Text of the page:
Just recently, I was giving a lecture on quantum physics which covers Fundamental Forces of the Universe and Standard Model of Particle Physics to my fellow Filipino astronomers at the Manila Planetarium. While Dr. Armand Lee is not around representing the Philippines in the International Olympiad on Astronomy and Astrophysics in Beijing, I was commissioned to be on deck to do the talk. Speaking of Filipino contingents, another Filipino astronomer, my professor, Chris Go is also representing the Philippines in the European Planetary Science Congress in Rome.
As the 21st century begins, physicists have developed a commanding knowledge of the particles and forces that characterize the ordinary matter around us. Simultaneously, astrophysical and cosmological space observations have revealed that this glimpse of the universe is incomplete— that 95 percent of the cosmos is not made of ordinary matter, but of a mysterious and enigmatic something else: “dark matter” and “dark energy”. We have learned that in fact we do not know what most of the universe is made of.
Understanding this unknown “new” universe requires the discovery of the particle physics that determines its fundamental nature. Powerful tools exist to bring the physics within reach. With astrophysical observations, we can explore the parameters of the universe; with accelerator experiments we can search for their quantum explanation. Energies at particle accelerators now approach the conditions in the first instants after the big bang, giving us the means to discover what dark matter and dark energy are—and creating a revolution in our understanding of particle physics and the universe.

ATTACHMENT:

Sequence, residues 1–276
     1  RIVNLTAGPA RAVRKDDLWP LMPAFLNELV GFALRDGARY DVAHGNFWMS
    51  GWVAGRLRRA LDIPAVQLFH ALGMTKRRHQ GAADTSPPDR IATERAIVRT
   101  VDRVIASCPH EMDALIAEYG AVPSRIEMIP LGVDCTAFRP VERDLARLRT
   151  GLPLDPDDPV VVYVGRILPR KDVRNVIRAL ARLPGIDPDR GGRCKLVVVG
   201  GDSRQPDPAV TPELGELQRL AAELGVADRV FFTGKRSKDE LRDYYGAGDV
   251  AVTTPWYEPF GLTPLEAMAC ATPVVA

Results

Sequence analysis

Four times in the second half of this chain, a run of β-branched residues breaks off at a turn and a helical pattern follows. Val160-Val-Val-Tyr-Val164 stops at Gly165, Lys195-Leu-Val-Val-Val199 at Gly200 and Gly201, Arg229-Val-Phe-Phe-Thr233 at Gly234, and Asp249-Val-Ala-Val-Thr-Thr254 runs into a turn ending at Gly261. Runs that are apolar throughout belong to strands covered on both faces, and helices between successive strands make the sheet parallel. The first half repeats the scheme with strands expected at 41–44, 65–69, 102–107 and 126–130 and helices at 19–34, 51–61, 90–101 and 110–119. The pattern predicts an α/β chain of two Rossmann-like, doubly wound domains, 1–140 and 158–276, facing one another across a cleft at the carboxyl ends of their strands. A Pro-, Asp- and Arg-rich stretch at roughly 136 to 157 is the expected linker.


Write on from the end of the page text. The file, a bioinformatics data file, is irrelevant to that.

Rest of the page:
I'd like to note two of the thrown questions and my answer:
Q: So what then is the fundamental particle that makes up a matter.
A: With the current discrete particle science and its available technology, quarks and leptons are the elementary particles. However, science is evolving and we don't know if there are even sub-quantum components that make up a quark and lepton. So if you see textbook that says it's an atom, that textbook has to be revised.
Q: What will happen out of the blackhole made by CERN.
A: CERN is trying to mimic fraction of a second after Big Bang by colliding hadrons at 14TeraElectron Volt. Similarly such collisions would theoretically create mini-blackholes. However, these blackholes are very microscopic that they will not pose a threat to the human race. They could not even stand a second. They dissipate after 0.00000000000000000000000001 seconds. One should be concerned about the solar radiation first that goes into the Earth's atmosphere because they are by far a hundred times more potent and energetic than these laboratory blackholes. So, in summary, Large Hadron Collider is not a doomsday device.
We are conducting lectures regularly, during our monthly meeting, so 100 hours of astronomy might be a paltry. I might be giving out another lecture, this time might be about Dark Matter and Dark Energy, still about astrophysics, because that is where my specialty lies.